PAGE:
Atheist: So, why am I being asked to define my “definition of evidence”?
Me: Because you are the one who asked for ‘evidence.’ You are the only one who knows what you mean when you say, ‘evidence.’ As for me, I don’t do fortune telling for a reason. Come on, Jessica. This isn’t complicated.
Atheist: Do you have any evidence for your now held beliefs?
Me: We do not yet have a common definition for ‘evidence.’ If I were try to argue with you in the way you wish me to, we would only talk past each other. It would be a waste of both of our time. I define ‘evidence’ as a proposition (or set of propositions) that are inductively inferred to support belief in a different proposition. Under that definition, I have a lot of evidence to support my claims such as the notion that the universe had a beginning and the best explanation for that beginning is God. The cosmic fine tuning of the universe, the historical evidence surrounding the resurrection of Messiah Yeshua, the history of Israel, in particular, the history of its interactions with God, planetary magnetic fields can be predicted based on the Genesis 1 account of creation, etc. It is an embarrassment of riches.
Atheist: Finally, we got there. The few you have laid out are no different than ones I’ve heard thousands of times before (and here I thought you might have something more since you were dragging this out so long).
Me: I assure you, I have heard of all attempts to rebut these claims, and they are unsatisfactory.
Atheist: But before we get into those…
Me: Not so fast. We do not have a common definition for ‘evidence.’ I gave you examples that fit into my definition, and now you are going to try to say that what I presented doesn’t count as evidence. This is because you are using a different definition for evidence. I have already shown why your definition is flawed. Are you going to address my criticism or are you going to use a different definition for evidence? Unless this question is answered, there is no point in me going forward with you.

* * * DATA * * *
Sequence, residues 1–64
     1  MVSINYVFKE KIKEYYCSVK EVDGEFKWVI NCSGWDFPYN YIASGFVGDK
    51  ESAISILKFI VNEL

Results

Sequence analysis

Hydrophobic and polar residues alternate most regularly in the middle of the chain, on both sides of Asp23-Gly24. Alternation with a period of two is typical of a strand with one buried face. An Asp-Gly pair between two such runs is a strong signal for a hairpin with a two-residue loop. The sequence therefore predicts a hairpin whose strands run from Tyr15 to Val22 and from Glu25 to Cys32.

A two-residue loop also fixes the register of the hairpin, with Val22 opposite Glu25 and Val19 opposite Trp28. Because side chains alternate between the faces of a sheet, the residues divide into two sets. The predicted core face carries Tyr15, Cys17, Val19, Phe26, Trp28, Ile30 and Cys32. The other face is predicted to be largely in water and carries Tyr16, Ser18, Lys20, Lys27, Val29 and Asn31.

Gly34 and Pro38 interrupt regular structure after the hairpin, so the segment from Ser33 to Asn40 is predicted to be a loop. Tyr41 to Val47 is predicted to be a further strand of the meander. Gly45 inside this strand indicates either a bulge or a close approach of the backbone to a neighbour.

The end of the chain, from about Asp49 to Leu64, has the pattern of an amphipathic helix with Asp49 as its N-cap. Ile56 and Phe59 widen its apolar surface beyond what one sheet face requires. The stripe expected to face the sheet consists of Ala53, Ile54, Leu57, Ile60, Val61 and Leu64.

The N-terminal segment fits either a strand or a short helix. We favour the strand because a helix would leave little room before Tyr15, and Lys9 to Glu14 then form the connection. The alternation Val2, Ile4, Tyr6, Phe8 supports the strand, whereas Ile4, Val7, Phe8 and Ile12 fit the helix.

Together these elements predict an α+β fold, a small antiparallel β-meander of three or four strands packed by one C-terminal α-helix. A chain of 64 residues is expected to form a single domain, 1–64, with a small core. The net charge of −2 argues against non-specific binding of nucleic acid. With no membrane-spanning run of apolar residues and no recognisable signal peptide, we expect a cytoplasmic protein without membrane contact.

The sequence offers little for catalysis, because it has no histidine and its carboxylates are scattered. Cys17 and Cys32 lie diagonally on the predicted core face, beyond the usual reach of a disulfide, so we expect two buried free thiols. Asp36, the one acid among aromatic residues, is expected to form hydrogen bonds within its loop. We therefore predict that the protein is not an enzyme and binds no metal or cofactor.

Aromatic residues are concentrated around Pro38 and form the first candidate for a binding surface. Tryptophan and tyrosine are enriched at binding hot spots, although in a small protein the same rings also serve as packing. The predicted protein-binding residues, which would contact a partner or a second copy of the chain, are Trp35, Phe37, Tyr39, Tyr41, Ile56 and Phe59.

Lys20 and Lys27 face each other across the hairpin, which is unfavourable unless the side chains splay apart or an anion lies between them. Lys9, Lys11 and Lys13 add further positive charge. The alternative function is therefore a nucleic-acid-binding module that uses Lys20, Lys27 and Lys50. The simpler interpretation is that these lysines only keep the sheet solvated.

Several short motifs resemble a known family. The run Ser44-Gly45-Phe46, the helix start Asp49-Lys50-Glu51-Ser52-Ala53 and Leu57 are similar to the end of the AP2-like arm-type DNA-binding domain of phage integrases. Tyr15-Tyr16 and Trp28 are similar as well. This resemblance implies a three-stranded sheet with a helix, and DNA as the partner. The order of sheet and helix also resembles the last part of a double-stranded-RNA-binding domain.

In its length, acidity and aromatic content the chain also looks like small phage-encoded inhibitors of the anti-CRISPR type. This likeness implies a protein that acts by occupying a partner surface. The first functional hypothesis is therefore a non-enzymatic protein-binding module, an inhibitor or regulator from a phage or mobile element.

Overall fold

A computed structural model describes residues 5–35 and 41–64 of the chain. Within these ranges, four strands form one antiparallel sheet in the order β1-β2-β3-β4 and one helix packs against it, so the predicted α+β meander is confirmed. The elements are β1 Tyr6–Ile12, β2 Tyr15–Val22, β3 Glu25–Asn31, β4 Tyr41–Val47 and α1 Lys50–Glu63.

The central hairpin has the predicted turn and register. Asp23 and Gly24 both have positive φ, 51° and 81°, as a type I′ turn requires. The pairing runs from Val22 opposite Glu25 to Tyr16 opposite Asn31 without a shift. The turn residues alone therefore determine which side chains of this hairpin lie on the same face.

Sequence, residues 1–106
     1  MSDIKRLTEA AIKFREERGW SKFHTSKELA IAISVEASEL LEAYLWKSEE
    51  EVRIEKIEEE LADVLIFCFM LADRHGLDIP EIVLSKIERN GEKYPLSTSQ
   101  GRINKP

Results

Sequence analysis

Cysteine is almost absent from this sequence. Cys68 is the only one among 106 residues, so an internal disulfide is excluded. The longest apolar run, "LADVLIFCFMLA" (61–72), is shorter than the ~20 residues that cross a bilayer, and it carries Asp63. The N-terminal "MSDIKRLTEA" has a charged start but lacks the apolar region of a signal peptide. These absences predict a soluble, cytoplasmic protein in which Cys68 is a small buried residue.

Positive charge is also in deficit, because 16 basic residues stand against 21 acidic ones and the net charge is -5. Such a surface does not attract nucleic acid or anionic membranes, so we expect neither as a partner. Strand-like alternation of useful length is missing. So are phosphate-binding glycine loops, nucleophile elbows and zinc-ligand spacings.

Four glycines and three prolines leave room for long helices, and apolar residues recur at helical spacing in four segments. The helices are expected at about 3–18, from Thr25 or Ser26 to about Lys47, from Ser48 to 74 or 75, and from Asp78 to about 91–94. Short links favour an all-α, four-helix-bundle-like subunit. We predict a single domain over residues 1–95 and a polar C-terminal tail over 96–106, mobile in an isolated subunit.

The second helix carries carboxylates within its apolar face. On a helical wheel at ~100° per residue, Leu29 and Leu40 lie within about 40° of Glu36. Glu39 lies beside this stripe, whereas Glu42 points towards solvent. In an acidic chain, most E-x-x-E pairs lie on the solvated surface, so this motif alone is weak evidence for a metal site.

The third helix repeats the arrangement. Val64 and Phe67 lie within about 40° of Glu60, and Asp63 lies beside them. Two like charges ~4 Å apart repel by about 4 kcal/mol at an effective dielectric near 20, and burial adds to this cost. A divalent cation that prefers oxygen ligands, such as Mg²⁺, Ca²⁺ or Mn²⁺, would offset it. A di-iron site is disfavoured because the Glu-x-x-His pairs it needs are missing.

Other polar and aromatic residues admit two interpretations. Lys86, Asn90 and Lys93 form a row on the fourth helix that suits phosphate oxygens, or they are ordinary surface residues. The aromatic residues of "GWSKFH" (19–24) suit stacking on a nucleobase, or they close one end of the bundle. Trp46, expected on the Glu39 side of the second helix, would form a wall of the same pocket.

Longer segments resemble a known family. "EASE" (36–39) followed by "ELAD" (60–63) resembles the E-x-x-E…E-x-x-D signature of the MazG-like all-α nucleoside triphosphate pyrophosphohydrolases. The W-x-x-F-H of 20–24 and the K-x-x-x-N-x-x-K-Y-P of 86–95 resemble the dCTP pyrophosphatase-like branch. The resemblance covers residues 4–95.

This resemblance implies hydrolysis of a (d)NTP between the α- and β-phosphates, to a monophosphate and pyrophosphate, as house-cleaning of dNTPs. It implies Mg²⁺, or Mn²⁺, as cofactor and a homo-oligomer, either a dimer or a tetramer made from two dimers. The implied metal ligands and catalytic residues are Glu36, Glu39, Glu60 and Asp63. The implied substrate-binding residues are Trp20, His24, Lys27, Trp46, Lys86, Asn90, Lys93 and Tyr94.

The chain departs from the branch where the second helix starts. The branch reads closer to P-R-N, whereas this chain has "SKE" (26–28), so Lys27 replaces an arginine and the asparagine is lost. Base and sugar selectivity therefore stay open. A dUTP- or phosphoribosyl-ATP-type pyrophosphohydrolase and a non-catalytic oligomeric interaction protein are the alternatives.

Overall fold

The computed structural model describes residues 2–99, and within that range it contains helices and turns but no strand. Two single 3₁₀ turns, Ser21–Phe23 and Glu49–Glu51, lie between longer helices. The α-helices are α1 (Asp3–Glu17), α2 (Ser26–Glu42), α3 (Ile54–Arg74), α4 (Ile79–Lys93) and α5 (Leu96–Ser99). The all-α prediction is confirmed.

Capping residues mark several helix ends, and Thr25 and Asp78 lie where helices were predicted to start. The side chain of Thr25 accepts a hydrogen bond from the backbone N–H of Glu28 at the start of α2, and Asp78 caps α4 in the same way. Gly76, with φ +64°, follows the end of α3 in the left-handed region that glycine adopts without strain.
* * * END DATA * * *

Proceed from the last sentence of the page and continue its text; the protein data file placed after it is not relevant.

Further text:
Atheist: Is this definition of evidence the only definition you use?
Me: In this conversation, yes.
Atheist: For everything? Or just for supporting your arguments for the existence of God?
Me: In general, this is the definition I use. In case you haven’t noticed, this definition is broad in scope and it would imply that there is evidence for atheism because inductive inferences are arbitrary and can be used to support any position. This is why I do not base my beliefs on evidence (unless I consider those beliefs to only be matters of opinion).
Atheist: For instance, evidence can be used to support the theory of evolution, or the theory of gravity… and so on. Does you definition apply to those as well? Or do you use a different definition when addressing those things?
Me: Yes, my definition applies to those. And under that definition, there is evidence for both creation and evolution. This is why the accumulation of evidence is not an adequate methodology for discerning truth.
Atheist: I see, basically any definition I could give is incorrect until I agree to your definition.
Me: Not necessarily. I just took issue with the definitions you gave. There are other definitions I have seen that I don’t take issue with such as “a proposition that supports another proposition.” A definition such as that would be fine if the issue in question were only considered a matter of opinion.
Atheist: If I told you my definition of evidence was: “whatever I think is correct” would that be valid or invalid?